Published on 06/26/2018
Document details: 1 pages. 2 downloads.

Taming Subgraph Isomorphism for RDF Query Processing

www.archive.org/details/arxiv-1506.01973...
RDF data are used to model knowledge in various areas such as life sciences, Semantic Web, bioinformatics, and social graphs. The size of real RDF data reaches billions of triples. This calls for a framework for efficiently processing RDF data. The core function of processing RDF data is subgraph pattern matching. There have been two completely different directions for supporting efficient subgraph pattern matching. One direction is to develop specialized RDF query processing engines exploiting the properties of RDF data for the last decade, while the other direction is to develop efficient subgraph isomorphism algorithms for general, labeled graphs for over 30 years. Although both directions have a similar goal (i.e., finding subgraphs in data graphs for a given query graph), they have been independently researched without clear reason. We argue that a subgraph isomorphism algorithm can be easily modified to handle the graph homomorphism, which is the RDF pattern matching semantics, by just removing the injectivity constraint. In this paper, based on the state-of-the-art subgraph isomorphism algorithm, we propose an in-memory solution, TurboHOM++, which is tamed for the RDF processing, and we compare it with the representative RDF processing engines for several RDF benchmarks in a server machine where billions of triples can be loaded in memory. In order to speed up TurboHOM++, we also provide a simple yet effective transformation and a series of optimization techniques. Extensive experiments using several RDF benchmarks show that TurboHOM++ consistently and significantly outperforms the representative RDF engines. Specifically, TurboHOM++ outperforms its competitors by up to five orders of magnitude.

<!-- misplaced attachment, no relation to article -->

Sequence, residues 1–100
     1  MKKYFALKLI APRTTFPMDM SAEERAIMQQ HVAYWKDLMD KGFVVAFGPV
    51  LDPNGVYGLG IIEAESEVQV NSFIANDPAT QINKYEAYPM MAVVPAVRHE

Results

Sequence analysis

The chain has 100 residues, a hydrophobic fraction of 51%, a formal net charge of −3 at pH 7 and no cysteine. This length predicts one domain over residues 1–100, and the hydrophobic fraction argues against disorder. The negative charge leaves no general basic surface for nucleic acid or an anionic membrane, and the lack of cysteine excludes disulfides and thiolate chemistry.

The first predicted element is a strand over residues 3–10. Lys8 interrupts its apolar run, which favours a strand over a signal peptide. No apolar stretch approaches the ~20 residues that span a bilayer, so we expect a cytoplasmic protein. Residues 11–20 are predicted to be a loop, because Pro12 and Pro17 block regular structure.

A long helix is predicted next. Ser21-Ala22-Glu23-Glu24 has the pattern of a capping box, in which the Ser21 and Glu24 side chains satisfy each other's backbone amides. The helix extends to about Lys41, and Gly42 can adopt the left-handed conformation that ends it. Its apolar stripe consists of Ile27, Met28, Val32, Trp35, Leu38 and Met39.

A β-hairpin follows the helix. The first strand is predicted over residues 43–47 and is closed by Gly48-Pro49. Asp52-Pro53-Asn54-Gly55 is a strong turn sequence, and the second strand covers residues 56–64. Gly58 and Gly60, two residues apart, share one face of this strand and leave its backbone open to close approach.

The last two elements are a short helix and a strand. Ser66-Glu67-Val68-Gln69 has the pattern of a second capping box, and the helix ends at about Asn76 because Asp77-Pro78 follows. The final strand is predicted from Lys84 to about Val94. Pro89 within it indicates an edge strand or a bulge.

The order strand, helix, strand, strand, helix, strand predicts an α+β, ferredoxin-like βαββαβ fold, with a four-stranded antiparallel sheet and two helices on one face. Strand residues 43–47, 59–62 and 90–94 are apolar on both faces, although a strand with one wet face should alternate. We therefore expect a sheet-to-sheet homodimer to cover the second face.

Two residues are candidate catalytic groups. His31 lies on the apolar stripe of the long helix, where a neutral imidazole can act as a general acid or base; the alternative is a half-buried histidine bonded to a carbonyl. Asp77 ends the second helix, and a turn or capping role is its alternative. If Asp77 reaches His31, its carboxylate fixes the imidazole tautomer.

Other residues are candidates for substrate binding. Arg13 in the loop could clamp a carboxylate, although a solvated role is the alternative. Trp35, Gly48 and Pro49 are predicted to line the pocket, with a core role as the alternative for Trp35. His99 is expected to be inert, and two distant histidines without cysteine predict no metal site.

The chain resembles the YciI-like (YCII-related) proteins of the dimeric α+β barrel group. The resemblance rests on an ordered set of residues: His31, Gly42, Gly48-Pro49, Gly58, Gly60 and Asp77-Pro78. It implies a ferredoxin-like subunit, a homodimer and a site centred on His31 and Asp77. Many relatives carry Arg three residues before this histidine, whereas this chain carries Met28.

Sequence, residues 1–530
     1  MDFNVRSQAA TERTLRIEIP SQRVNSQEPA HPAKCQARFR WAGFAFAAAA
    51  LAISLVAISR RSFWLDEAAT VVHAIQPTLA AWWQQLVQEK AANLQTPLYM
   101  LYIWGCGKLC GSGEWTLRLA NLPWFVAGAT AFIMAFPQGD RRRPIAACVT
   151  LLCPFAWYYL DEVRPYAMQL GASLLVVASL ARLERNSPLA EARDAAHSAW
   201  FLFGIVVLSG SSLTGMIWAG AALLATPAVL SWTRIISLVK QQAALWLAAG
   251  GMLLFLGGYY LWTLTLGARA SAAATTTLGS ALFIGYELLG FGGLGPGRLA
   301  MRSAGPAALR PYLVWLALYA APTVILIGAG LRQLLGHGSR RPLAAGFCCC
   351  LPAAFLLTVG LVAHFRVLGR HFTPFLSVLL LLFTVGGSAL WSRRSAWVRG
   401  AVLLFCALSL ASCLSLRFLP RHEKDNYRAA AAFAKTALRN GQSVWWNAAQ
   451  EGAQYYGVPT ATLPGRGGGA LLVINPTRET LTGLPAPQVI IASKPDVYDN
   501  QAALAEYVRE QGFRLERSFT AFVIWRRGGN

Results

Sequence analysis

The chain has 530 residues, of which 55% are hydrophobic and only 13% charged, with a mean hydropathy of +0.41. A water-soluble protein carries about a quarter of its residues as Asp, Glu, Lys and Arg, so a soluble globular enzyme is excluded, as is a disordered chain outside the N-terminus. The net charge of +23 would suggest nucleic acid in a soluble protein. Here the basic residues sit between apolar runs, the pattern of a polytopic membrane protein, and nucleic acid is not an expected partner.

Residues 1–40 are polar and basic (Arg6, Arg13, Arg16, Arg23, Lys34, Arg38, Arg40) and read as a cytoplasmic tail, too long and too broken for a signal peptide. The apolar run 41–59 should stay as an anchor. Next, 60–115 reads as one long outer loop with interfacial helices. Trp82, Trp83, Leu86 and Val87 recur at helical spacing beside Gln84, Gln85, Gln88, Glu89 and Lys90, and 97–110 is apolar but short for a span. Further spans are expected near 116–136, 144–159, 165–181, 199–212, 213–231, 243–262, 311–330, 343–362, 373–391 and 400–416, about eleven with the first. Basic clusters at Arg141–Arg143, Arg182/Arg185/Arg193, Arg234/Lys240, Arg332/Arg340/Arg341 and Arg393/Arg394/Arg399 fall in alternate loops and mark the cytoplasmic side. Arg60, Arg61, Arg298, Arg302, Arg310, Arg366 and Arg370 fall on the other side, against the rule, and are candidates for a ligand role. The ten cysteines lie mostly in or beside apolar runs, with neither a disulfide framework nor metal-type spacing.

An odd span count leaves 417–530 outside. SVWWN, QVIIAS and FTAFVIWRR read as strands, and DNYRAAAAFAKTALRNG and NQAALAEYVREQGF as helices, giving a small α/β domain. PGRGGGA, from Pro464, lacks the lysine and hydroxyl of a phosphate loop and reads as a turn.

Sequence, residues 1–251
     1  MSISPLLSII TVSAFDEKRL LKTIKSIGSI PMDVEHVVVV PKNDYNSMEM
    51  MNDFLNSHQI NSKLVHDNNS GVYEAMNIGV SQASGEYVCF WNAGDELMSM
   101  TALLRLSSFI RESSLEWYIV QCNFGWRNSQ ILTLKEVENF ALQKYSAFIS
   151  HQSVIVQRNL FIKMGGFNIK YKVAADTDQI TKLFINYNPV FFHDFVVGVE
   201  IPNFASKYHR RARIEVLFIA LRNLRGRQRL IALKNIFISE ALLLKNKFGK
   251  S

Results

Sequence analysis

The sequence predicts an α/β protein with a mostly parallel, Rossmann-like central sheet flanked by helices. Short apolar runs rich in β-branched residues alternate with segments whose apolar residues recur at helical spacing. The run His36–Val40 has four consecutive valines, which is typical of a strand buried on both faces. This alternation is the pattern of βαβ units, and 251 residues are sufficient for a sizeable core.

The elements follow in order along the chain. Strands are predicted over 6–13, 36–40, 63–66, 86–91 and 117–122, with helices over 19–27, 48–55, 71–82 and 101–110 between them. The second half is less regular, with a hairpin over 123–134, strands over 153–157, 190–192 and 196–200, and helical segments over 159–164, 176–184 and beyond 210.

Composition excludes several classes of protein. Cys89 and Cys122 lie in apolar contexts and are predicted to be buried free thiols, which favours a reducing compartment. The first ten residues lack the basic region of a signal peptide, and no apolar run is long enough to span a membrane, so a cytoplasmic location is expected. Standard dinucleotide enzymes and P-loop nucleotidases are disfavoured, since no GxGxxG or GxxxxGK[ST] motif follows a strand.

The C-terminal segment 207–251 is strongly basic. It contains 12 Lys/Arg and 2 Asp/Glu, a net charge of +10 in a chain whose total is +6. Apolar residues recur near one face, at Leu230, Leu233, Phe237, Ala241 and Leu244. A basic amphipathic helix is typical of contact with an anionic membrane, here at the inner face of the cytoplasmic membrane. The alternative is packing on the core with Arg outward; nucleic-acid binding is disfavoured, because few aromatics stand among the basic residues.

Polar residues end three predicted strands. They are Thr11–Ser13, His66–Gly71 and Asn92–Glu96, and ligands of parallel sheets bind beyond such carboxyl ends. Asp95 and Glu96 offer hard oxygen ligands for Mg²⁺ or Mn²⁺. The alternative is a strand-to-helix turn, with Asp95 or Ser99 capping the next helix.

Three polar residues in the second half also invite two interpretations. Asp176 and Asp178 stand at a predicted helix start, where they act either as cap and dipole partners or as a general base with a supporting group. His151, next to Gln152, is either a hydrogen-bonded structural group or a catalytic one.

Published on 06/27/2018
Document details: 1 pages. 2 downloads.

Validating RDF with Shape Expressions

www.archive.org/details/arxiv-1404.1270...
We propose shape expression schema (ShEx), a novel schema formalism for describing the topology of an RDF graph that uses regular bag expressions (RBEs) to define constraints on the admissible neighborhood for the nodes of a given type. We provide two alternative semantics, multi- and single-type, depending on whether or not a node may have more than one type. We study the expressive power of ShEx and study the complexity of the validation problem. We show that the single-type semantics is strictly more expressive than the multi-type semantics, single-type validation is generally intractable and multi-type validation is feasible for a small class of RBEs. To further curb the high computational complexity of validation, we propose a natural notion of determinism and show that multi-type validation for the class of deterministic schemas using single-occurrence regular bag expressions (SORBEs) is tractable. Finally, we consider the problem of validating only a fragment of a graph with preassigned types for some of its nodes, and argue that for deterministic ShEx using SORBEs, multi-type validation can be performed efficiently and single-type validation can be performed with a single pass over the graph.
Published on 06/29/2018
Document details: 1 pages. 1 download.